Threads of time
For a while now, we’ve wanted to show off the talents of our volunteer sewing ladies, and with the children’s dressing up trail in the house for the summer holidays, it’s the perfect time.
The sewing team, known as ‘The Sewing Circle’ first started making historical costumes over a decade ago for Blickling events throughout the year. Victorian clothes, tabards and bloomers were among their first projects as well as repairing curtains from the Upper Ante room with the guidance of the Textile Conservation Studio. But it was the advent of The Diggers, our live interpretation team that their ingenuity and skill really shone through.
In fact the demand for their skills has been so great there are now over 40 costumes in the interpretation wardrobe. Their talents are unending with sewing projects including sun curtains, cushions, bags, furniture covers for when the house is closed and even the re-lining of historic curtains.
With such great demand, work is also outsourced to other talented sewers, who then concentrate on the costumes for interpretation, leaving the sewing circle to work on the house related projects.
The costume designs
The designs are taken from patterns of the time, so they are correct. Some of the dresses have watteau pleats (loose pleats hanging from the shoulder at the back) which Vivienne Westwood still uses in her designs today. It’s fascinating chatting to the ladies about the research they do. They’re very happy to tell you more about the costumes, so please do stop and ask anything. The five ladies meet every Monday and you can see them hard at work as you walk around the house.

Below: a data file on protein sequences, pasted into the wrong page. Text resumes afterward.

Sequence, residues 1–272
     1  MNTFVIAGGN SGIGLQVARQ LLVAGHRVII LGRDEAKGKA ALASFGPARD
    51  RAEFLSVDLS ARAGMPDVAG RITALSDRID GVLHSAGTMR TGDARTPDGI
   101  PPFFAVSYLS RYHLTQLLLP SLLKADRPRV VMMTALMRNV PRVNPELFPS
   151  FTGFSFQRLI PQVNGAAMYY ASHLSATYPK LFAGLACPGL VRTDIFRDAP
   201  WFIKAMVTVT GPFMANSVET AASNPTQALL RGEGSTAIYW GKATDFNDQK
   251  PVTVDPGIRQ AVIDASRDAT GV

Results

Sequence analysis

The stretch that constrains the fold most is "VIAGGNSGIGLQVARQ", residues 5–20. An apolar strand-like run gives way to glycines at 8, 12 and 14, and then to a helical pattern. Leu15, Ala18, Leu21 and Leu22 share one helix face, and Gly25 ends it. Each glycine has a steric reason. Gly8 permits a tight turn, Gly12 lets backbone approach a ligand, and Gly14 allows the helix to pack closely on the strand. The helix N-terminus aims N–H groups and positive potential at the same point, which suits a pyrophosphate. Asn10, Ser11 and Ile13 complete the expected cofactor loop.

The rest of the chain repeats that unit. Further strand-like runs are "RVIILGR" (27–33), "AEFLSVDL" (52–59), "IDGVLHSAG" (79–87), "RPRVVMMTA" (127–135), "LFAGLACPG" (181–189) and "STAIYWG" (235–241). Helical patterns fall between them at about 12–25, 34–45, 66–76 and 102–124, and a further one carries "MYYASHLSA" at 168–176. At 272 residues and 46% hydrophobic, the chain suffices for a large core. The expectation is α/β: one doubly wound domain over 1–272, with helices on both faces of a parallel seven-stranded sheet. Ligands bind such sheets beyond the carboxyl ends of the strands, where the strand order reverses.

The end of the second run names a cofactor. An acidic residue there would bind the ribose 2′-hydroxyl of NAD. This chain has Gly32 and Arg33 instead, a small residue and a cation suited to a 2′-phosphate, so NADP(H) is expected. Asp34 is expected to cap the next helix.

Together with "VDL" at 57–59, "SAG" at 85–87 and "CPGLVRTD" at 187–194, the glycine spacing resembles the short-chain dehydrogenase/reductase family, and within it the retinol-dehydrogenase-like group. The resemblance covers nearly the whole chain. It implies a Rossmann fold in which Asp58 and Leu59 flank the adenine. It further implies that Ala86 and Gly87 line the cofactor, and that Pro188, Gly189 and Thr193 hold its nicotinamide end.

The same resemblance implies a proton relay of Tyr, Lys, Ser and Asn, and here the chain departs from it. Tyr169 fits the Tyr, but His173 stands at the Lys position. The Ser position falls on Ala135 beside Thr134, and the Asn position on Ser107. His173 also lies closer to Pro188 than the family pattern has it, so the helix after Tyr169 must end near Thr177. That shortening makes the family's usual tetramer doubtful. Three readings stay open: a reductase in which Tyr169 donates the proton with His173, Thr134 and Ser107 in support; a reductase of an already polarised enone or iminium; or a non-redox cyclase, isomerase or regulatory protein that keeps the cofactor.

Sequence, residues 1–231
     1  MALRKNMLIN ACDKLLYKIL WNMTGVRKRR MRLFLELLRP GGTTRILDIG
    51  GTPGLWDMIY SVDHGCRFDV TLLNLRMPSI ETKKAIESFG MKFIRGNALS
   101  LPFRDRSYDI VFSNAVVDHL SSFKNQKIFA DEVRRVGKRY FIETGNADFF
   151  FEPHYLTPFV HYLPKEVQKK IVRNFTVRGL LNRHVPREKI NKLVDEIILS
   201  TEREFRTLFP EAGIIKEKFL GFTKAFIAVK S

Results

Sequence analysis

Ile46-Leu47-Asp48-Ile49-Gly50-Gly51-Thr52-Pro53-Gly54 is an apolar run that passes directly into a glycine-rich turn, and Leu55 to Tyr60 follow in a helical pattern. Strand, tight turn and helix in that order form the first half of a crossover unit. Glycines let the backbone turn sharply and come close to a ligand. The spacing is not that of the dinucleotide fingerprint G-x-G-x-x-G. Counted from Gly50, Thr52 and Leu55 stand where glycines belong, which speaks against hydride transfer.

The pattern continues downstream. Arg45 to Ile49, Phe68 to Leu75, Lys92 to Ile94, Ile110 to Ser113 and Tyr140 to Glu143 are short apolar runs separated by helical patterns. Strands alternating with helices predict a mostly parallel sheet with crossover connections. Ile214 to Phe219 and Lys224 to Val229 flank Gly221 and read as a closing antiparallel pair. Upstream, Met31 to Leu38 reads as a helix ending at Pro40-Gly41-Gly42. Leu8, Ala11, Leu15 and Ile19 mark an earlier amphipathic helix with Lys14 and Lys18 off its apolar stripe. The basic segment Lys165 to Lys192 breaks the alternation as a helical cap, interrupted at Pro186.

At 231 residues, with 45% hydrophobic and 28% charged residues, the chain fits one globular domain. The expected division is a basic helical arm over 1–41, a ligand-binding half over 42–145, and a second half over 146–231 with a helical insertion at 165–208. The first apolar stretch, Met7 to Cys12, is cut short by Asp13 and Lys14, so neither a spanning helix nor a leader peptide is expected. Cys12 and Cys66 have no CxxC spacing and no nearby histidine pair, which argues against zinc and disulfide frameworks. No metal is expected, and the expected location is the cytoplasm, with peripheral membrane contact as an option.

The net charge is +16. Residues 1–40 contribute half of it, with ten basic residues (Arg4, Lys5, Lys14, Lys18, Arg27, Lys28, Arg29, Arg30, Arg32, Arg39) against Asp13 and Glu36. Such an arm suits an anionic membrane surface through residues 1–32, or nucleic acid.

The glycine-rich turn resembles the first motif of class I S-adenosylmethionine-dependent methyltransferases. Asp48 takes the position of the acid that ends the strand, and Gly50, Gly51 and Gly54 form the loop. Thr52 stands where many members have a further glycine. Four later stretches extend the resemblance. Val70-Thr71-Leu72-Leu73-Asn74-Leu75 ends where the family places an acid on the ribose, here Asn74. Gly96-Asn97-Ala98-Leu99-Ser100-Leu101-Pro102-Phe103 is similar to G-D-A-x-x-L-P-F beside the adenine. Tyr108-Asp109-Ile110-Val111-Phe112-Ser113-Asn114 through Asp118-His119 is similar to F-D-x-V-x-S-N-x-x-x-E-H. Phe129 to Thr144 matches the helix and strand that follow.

" They’re quite something, absolutely beautiful."
One of the challenges they face with the costumes is creating ingenious devices for sizing, as a number of people wear the same costumes on different days!
So what’s next on their project list? “We’d really like to make a new Anne Boleyn costume” says Sue, “and a hat for Lady Astor”.
The house exhibition
You’ll see ten costumes on display under portraits of the people whose dresses they’re based on, including Lady Constance, Sir John Hobart, Henrietta Howard and Lady Frances Hobart, produced by the outreach sewers and the sewing circle. There are also some in the exhibition room where a small display explains to younger visitors, how clothes have changed over time alongside examples of the patterns used.
A big thank you to our amazing sewing ladies Kate, Sue, Carol, Janet and Wendy as well as all our outreach sewers – you do an incredible job!
The costumes for the dressing up trail were made by a different group of wonderful volunteers, so thanks go to Caroline and her team for their skills at re-creating costumes for our little knights and princesses.
The exhibition will run until the end of October.